Annexation: The plan is there is no plan

Published on Monday, 3 July 2017 19:12 - Written by FAITH HARPER,

In Tyler, residents and developers guide the annexation of additional land into the city limits.

The city has no formal plans to annex additional land into the city limits, said Heather Nick, managing director of planning and economic development.

“In the state of Texas, you can have an annexation plan even if you have no plan, which is the plan Tyler has - we have a plan that states we don’t have a plan,” Ms. Nick said. “Even though we don’t have a plan, through our planning efforts in the Tyler 1st Plan, we identified priority annexation areas where we have seen growth opportunities.”

Though the city does not have a plan, it has identified priority areas for annexation. They are centered primarily on transportation corridors and include areas along South Broadway Avenue and along Toll 49, areas surrounding the Tyler Pounds Regional Airport, North U.S. Highway 69 toward Lindale and the area around Paluxy Drive and Whitehouse ISD.

For the last two years, development and annexations have naturally occurred within those priority areas - primarily off the Old Jacksonville corridor and off Paluxy Drive.

In Tyler, most annexation occurs when developers and homeowners opt to come into the city limits to have access to services.

Since the 1950s, annexation has predominately happened toward the south, although there have also been smaller annexations to the west and east.

“Cities can control development by not annexing or not growing and pushing it into the city areas that are older,” City Manager Ed Broussard said. “We have a philosophy that development is developer-driven. When cities try to lead that process, developers will build if it’s profitable, but if it’s not, they will build in other areas (or cities).”

The biggest incentive to annexation for developers is wastewater services. For a developer, it is much cheaper to tap into the city’s existing system than it is to make an aerobic treatment system (or septic system) from scratch.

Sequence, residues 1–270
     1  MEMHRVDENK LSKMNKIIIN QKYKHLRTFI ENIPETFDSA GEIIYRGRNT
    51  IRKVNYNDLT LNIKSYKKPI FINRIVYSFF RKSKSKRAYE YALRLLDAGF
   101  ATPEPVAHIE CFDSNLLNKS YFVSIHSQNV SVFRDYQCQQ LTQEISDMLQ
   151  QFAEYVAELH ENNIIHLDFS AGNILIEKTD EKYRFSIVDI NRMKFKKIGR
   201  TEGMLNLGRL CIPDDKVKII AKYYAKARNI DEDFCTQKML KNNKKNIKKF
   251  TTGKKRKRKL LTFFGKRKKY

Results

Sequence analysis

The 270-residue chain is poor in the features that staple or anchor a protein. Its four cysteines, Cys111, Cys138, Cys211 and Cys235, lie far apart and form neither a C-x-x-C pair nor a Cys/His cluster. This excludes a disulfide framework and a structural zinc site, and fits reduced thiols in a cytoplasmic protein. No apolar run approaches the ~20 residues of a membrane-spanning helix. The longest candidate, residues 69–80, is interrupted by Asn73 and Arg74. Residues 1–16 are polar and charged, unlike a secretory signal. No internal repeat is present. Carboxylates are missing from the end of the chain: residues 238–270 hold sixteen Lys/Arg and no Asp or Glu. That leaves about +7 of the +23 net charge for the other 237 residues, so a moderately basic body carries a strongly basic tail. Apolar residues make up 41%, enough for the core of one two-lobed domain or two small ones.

There are other incentives though, including water service, police and fire and trash pickup.

All annexed land has to touch the border of the existing city limits, and can either be voluntary or involuntary. But that really relates to which entity initiates the annexation process, Ms. Nick said. If the city starts the process, it’s involuntary. If a developer or group of residents does, it’s voluntary.


The most recent annexation was approved this month, and includes a proposed 135-home development, Oak Creek, to be south of the Knollwood subdivision, near the intersection of Old Jacksonville Highway and West Cumberland Road. Knollwood is not included in the annexation and will remain out of the city limits.

The annexation is on both sides of Old Jacksonville Highway, and includes the intersection with West Cumberland Road, which was technically out of the city even though the light is maintained by the street department.

In the summer of 2016, 30 residents off Skidmore Lane were annexed into the city. The road connects to Paluxy Drive near to where the street turns into Farm-to-Market Road 756, which heads to Whitehouse.

In the fall of 2016, the Cumberland Hills subdivision was annexed, which is in the same area, near Paluxy Drive and Toll 49.

The city of Tyler has also annexed 19 acres containing a partially built development in the southeastern portion of the city.

The move appeased concerned neighbors and will give the city greater controls over the development. Then, in March 2017, four half-finished buildings off Paluxy Drive, on Centennial Parkway, were brought into the city. The development would add 100 families to the 19-acre tract near The Village at Cumberland Park shopping center.

In 2017, the city also took in the property for Whitehouse ISD, which is also off Paluxy.